Advertisement
YOU ARE HERE: LAT HomeCollections

YOUR WHEELS

Safety kit in trunk keeps lid on worry

Choosing which items to include depends a lot on where you drive and which emergencies you think you'll encounter.

November 19, 2003|Ralph Vartabedian | Times Staff Writer

Question: I'm buying a new car soon and want to know what things I should put in the trunk of the car. How about safety items like a flashlight, blanket, flares?

-- R.H.

Answer: The answer depends a lot on where you drive and what emergencies you want to survive. I have a particular set of things I keep, though other people have their own ideas of what's best to carry.

First, I keep a good pair of hiking boots in my trunk and at least 2 quarts of water. The thing I worry about is an earthquake that would leave me stranded 20 or more miles from my home or office. The thought of having to walk through broken concrete and shattered glass in casual or dress shoes seems insane to me. It's even worse for women.

Storing a couple of candy bars also make sense, though I doubt anybody is going to starve to death in Southern California. I always carry a couple of ponchos, because I'd hate to walk in a cold rain very far. A spare sweat shirt makes more sense to me than a blanket, unless you're going to be up at high elevation in the mountains.

A cellphone has become an essential safety item and now most motorists carry one. If you have mechanical problems, an accident or a health emergency, a cell is invaluable.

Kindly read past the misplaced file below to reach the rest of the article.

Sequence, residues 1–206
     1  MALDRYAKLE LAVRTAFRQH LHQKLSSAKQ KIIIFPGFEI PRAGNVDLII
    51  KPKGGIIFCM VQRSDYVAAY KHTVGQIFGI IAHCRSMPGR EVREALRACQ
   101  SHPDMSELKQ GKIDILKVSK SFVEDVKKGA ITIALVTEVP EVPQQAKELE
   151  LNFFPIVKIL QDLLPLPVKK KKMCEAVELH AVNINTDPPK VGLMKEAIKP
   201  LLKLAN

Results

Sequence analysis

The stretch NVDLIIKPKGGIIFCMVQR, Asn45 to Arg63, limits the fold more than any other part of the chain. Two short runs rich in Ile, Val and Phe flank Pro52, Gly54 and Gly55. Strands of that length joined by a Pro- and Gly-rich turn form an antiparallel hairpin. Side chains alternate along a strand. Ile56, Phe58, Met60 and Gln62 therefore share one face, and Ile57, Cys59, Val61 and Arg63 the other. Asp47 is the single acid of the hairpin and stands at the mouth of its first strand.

And a spare $5 bill and an ashtray full of quarters often come in handy.

I know people who carry a lot of other stuff, such as matches, tools, emergency food, first-aid kits, fire extinguishers and products that seal and inflate flat tires.

The vast majority of people will almost never use this stuff. Having a first-aid kit is great for a cut finger but not much use in a serious medical emergency. I have never needed a flare, though a flashlight can be versatile.

*

Q: I purchased a 2004 BMW 325i convertible. All the documents and all the dealer information say that the synthetic oil should not be changed till about 12,000 miles.

In fact, the warranty service will not allow dealers' service technicians to change it until then, when the dashboard computer tells them that it is ready for an oil change.

I sure worry about going that many miles without an oil change, synthetic or not. Would you advise changing it sooner at my own expense?

-- A.G.M.

A: Oil changes are a real hassle, something that must be done typically three, four or five times a year. So every manufacturer is trying to persuade buyers to go longer because of improving oil formulations. BMW's 12,000-mile interval is among the longest.

The synthetic oil will not wear out in 12,000 miles, and no doubt BMW's idea is that the long pauses between oil changes allow the lubricant to help the engine parts seat properly.

So I would not go against BMW's recommendation. But there is nothing wrong with performing more frequent oil changes after the break-in period.

You might consider having your engine oil analyzed after the second or third oil change to make sure the engine is wearing properly.

Oil analysis can determine whether iron, nickel and chrome, among other metals worn from your engine, are represented in the appropriate amount in your oil.

*

E-mail: ralph.vartabedian@latimes.com.

Advertisement
Los Angeles Times Articles
|
|
|